back to article Single single-sign-on SNAFU threatens three Cisco products

Cisco has announced a suite of patches against a bug in its Security Assertion Markup Language (SAML) implementation. As is so often the case with a language slip, the bug is inherited by multiple products. In the case of CVE-2018-0229, the affected systems are: Single sign-on authentication for the AnyConnect desktop …

  1. Anonymous Coward
    Anonymous Coward

    Is it me...

    Is it me or does it seem like every other week we are patching security flaws in Cisco security products!!!

    1. Anonymous Coward
      Anonymous Coward

      Re: Is it me...

      It'a not you. For a while a fellow was keeping a website dedicated to just the Cisco patches to remove hard-coded admin credentials but even he gave up.

      And it's not SNAFU (Situation Normal, All F****ed Up.It's SNACFU (Situation Normal, Another Cisco FU).

      When I interview people for IT security positions and they proudly tell me about their super-secure Cisco firewalls they lose a bunch of points in m mind. I interviewed at one company and they told me they were about to upgrade their ASA's. I asked "Is there any chance you're could buy real firewalls instead?"

      The room went silent for a few seconds and their CISO turned to the network manager who made that comment and said "See? I told you it wasn't just me!" Everybody laughed and they later made me an offer which I declined because it turned out there was no chance.

      1. CheesyTheClown

        Re: Is it me...

        The answer is of course no.

        1) Cisco, Checkpoint, PaloAlto, etc... all run their firewalls on top of Linux distributions which they don't properly maintain. Cisco for example tries to make their own Linux LTS branch but only selectively pull in patches. To be honest, while Linux is great for many things, security is pretty close to the bottom of the list. I still think Linux should be called "hackers den".

        2) Most modern firewalls run as virtual appliances, often on VMware. VMware drivers are a rats nest of security holes that simply are not solvable. Their VMXNET3 driver which they ship as the default on the Linux kernel (the one which EVERYONE uses) is so full of security holes it's disgusting. It's extremely problematic when firewalls running on VMware become insecure because you can simply code-inject as much as you'd like before the kernel even knows there's a packet of data. 100% untraceable.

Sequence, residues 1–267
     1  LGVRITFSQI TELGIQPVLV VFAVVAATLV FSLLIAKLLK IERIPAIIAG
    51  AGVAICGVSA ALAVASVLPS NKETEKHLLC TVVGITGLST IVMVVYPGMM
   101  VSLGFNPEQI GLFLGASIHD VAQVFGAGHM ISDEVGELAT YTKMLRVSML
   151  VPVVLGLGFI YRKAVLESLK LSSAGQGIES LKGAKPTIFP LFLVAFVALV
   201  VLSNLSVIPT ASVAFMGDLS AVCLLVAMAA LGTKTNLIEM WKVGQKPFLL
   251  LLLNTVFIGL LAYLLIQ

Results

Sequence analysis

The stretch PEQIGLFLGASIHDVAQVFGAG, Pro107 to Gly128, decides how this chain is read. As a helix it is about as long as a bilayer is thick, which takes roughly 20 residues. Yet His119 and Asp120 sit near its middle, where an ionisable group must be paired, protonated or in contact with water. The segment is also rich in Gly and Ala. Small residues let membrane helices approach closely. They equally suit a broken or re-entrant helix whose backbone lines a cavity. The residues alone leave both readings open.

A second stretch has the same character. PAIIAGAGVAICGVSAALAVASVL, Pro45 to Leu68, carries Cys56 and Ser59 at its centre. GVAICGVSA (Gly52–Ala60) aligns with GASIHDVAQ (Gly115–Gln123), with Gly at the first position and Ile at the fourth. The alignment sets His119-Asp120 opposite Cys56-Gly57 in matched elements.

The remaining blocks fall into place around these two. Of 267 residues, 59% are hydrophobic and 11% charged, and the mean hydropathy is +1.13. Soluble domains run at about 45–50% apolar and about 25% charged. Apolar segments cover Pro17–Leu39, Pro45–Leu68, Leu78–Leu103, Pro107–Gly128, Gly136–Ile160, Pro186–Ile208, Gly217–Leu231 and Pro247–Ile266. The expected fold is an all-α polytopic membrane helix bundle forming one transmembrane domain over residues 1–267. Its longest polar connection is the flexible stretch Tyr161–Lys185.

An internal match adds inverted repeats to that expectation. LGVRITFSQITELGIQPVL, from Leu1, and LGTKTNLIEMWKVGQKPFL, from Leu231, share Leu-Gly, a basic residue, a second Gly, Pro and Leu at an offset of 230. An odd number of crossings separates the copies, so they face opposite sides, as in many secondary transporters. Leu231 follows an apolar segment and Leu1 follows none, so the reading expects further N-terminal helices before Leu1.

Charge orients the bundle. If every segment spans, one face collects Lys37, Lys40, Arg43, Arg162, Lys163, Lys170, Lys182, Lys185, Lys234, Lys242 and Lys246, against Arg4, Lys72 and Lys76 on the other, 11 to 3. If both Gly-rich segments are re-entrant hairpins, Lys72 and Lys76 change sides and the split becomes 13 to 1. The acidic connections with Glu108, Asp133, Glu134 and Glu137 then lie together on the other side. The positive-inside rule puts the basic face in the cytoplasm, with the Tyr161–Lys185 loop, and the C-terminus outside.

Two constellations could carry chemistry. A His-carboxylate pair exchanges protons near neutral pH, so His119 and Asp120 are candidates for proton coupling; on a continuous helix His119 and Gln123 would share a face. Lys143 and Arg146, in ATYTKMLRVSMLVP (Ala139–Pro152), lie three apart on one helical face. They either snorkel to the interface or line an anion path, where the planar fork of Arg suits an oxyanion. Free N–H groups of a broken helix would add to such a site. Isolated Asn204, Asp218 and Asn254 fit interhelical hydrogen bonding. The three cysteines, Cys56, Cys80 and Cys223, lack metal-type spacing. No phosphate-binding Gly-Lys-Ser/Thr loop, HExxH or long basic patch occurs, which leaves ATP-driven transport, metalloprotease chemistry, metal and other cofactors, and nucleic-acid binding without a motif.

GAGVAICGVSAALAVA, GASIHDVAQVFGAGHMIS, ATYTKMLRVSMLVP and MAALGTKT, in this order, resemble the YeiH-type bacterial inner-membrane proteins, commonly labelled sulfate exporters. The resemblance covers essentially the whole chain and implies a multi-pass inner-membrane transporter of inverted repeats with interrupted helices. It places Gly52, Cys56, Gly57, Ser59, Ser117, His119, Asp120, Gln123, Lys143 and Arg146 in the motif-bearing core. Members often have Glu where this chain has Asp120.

3) PFSense is frigging awesome but doesn't scale at all.

        4) Juniper is quite nice but once you get past a 50 user office on an appliance, it's a waste of effort.

        As a note, before anyone goes all Palo Alto on my ass. Palo Alto is good as long as you don't touch anything. Just plug it in, make it run passive, set a password, configure your subscription, and that's it. Palo Alto is among the worst firewalls I've ever encountered because they rapidly weaken as you change configuration.

        So the answer is simply... no you can't buy a real firewall instead. So, you have to make due with whatever option will give you the best company to sue when you get hacked.

        That said... and I REALLY REALLY REALLY don't want to be nice to them. I ABSOLUTELY HATE THESE BUGGERS.... I kinda almost sorta like the solution from McAfee. I don't have that much experience with them, but I find that as they have a great deal of experience in desktop clients and they try to be part of Windows and Mac instead of some half-assed AnyConnect like solution, they do a far better job of integrating for end to end security than anything I've seen from anyone else. Their software is good at keeping itself updated. And their management portal for everything from edge to desktop is actually usable.

        But in the end, they are pretty much all shit

    2. DougMac

      Re: Is it me...

      Nothing new there, although it does seem to have accelerated some since the classic days.

    3. CheesyTheClown

      Re: Is it me...

      Nope, it's you... there's just really no point patching Cisco security products.

      Let's keep this simple. If an Internet facing device is not automatically patching itself, it is not a security device.

      Security devices download security patches live and deploy them in the background.

      Cisco's desktop software panders to network/security engineers who can't work with desktop teams to properly deploy automatic software updates.

      For that fact, a core feature of Cisco ISE is to ensure you have all the updates you need or it won't let you in, but it has no subscription service to inform itself of these requirements. As such, no one actually enforces these rules and as such, no one ever upgrades.

      Don't worry... ISE is only Cisco's most important security tool in their entire portfolio, but they try to keep it secure by sending 1-2 updates a year. They ignore security bug reports... for example in their impressively insecure SAML implementation in ISE... I mean really... I have never seen such horrible code in a security product. Watch the logs for SAML and see it burn. If you can't hack ISE after watching the SAML logs, you simply are dense, I bet even the sales guy could hack ISE after looking there.

      The moral of the story is... Cisco doesn't make security products. They make lots of stuff they sell as security products. And if they fail, it was your fault for not properly maintaining them.

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